LOUISVILLE, Ky. — All summer long, at precisely 7:07 p.m., the bells at Bellarmine University have played an old but seemingly familiar tune. That can’t-quite-place-it melody, like the Muzak-elevator version of a ballad — the lick without the lyrics.

What is that song? But then the build comes — that dreamy eighth, dotted-quarter series of notes from the chorus. And it hits you like a lullaby.

Why is Bellarmine University playing Elvis’ “Love Me Tender?”

And why in the world is it at precisely 7:07 p.m. every night?

So you look to social media for answers. And you get some inventive — even inspired — conjecture:

With no words, might it actually be the original song from 1861 — “Aura Lea?”

But why at 7:07 p.m.?

Armchair philosophers theorize:

Matthew 18:21-22? That’s when Peter asked Jesus how many times he had to forgive his brother. Seven times? Jesus replied 70 times seven times. (7:07) It’s a Catholic University, after all.

Or maybe it’s symbolic of July 7, 1954? That’s the night Memphis disc jockey Dewey Phillips first played Elvis on the radio.

But then a more practical proposal appears: Didn’t the late Bellarmine president love Elvis and set the school song to “Love Me Tender?”

Time to solve the mystery. Time to email the expert.

“What you’re hearing is actually Bellarmine’s alma mater, which uses the tune from ‘Aura Lea,’ a southern folk song from which ‘Love Me Tender’ also borrows the tune,” Jason Cissell, director of media relations at Bellarmine, tells me.

Ah. The online sages were right.

“The words to Bellarmine’s alma mater were written in 1992 by our former president, Joseph McGowan, who happened to be quite the Elvis fan and could sing a pretty convincing Elvis cover. The tune you’re hearing is coming from the bell tower atop McGowan Hall, the last campus building he constructed, which has since been named in his memory.”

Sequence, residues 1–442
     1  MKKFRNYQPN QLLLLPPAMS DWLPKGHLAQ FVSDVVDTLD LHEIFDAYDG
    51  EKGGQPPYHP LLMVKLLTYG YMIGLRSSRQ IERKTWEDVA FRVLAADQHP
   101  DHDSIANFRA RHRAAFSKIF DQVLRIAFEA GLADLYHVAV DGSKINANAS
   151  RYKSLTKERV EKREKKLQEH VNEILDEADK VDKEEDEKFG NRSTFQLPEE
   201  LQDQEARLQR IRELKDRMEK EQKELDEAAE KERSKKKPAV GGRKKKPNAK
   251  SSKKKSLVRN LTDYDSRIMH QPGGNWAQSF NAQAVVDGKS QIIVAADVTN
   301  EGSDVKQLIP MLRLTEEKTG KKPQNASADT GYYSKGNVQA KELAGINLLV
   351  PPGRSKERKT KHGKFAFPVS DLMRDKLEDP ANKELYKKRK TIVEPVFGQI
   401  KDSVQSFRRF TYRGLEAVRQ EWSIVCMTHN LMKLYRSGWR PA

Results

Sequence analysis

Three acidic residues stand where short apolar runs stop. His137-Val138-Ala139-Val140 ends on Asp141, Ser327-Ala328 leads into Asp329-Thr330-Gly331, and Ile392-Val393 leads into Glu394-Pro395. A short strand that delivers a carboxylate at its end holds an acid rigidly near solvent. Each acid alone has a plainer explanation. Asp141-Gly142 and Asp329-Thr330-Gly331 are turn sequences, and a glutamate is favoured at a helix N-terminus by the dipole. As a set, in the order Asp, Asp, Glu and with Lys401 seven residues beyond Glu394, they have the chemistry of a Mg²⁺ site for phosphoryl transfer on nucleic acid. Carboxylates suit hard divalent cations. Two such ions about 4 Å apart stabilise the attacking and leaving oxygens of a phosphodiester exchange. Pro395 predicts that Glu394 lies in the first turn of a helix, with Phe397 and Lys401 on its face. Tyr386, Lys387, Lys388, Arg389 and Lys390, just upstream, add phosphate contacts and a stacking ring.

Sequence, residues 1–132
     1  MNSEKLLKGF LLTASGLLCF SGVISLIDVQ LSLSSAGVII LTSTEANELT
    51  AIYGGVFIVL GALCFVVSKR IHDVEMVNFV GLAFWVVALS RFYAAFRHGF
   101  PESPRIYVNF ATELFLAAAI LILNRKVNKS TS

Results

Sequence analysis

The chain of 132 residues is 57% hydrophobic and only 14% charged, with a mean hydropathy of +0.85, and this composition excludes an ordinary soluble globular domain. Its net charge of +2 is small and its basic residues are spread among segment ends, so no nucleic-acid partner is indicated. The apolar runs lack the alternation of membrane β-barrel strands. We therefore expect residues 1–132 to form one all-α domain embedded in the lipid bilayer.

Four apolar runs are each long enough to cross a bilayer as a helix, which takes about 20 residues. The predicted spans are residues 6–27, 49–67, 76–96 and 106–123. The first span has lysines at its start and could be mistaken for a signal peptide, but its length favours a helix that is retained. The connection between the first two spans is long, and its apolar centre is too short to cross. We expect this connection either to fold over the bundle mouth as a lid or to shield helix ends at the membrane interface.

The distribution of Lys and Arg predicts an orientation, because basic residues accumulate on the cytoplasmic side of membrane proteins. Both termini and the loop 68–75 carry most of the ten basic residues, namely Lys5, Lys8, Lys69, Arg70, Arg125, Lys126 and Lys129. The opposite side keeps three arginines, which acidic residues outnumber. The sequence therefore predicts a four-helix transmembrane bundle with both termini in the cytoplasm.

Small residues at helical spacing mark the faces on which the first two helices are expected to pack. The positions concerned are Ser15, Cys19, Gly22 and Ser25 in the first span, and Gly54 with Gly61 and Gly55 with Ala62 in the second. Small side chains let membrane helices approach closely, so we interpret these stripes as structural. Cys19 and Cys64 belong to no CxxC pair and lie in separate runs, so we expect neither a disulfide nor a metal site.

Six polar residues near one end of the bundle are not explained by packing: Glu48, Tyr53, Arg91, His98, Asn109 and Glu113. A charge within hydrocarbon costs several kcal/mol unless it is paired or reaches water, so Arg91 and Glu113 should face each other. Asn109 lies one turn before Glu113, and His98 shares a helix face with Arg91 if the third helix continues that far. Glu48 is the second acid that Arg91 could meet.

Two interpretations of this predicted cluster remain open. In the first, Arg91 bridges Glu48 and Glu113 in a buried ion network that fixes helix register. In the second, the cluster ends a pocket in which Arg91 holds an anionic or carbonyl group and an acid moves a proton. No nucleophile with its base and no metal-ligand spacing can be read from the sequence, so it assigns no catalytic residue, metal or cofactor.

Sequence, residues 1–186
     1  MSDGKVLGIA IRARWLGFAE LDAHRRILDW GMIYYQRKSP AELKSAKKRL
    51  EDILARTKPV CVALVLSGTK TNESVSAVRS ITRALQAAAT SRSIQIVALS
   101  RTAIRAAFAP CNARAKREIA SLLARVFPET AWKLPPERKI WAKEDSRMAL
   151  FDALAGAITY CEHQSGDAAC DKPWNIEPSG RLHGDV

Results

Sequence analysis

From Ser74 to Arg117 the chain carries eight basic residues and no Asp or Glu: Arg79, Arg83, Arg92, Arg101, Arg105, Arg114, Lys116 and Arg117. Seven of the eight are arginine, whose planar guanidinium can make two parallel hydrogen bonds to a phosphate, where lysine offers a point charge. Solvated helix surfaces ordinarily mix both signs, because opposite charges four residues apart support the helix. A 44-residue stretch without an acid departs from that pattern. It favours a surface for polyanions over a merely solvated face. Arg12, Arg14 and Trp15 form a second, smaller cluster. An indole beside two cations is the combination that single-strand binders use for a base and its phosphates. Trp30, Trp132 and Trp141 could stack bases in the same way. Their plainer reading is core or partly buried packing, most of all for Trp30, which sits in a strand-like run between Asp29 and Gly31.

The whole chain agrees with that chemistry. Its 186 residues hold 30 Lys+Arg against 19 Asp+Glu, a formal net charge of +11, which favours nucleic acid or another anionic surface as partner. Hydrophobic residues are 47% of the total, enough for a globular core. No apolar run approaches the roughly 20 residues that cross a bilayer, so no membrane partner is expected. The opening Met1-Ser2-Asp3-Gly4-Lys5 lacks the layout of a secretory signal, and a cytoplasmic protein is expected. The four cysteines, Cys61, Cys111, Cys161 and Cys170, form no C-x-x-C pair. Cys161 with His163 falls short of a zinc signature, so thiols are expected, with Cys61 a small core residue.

But what about that 7:07 p.m. thing? A reference to Matthew 18?

“I definitely prefer your friend’s answer to mine,” Cissell said. “Perhaps we’ll adopt that explanation if there’s not a good one. Actually, as I was typing that, someone told me that they’re intended to play at 7:05 as a nod to Dr. McGowan’s July 5 birthday. I wonder if our timer is off? I’ll listen tonight.”

Then he offered: “Let me ask around and see if I can find someone who can talk about the McGowan-Elvis connection with a little more flavor than I can.”

Adding flourish to the depth of the man: That his obituary called him the rare university president known for his Elvis impersonation. That he sang “Blue Christmas” at the annual faculty and staff Christmas party. That the campus radio station played an Elvis marathon the day he died.

“The first time I heard him sing we were with a group of students,” Fred Rhodes, a professor, and longtime friend, said of Dr. McGowan. “They gave him the mic, and he said, ‘I think I’ll sing.’

“He did, and it blew me and everyone else in the room’s minds. He was fantastic as a human being and a leader, but he had this really talented kind of artistic piece to him.”

Now back to that timer. Was it just off?

In fact, it was.

“We confirmed what you already knew,” Cissell said. “The timer associated with our bells was off by two minutes. It has been fixed.”

Back to the nod to McGowan’s birthday.

So do people in the neighborhood like it? Is that the only song the bells play?

“The great thing is that we’ve not had anyone say, ‘Stop that.'” Cissell joked.

So far, the bells have played Elvis and Sweet Caroline by Neil Diamond, another McGowan favorite.

Neighbors like it. A few have asked for more variety.

Maybe “My Old Kentucky Home” on Derby Day? “The Star Spangled Banner” on July 4?

The good news: The bell chimes are an electronic system with a massive 10,000-song catalog.

The bad news: There are limits.

“It’s not like upload a song, and it converts it to chimes,” Cissell said.

This is not Spotify.

“Without fully opening up the request line, we’d love to hear ideas,” he said.

Alums and neighbors, here’s your chance.

(Post Script: A special shout-out goes to Ray Weaver, owner of Noteworthy Music, for fielding this reporter’s ridiculous questions about the sheet music for Elvis’ famous tune.)


Information from: The Courier-Journal, http://www.courier-journal.com

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KRISTINA GOETZ
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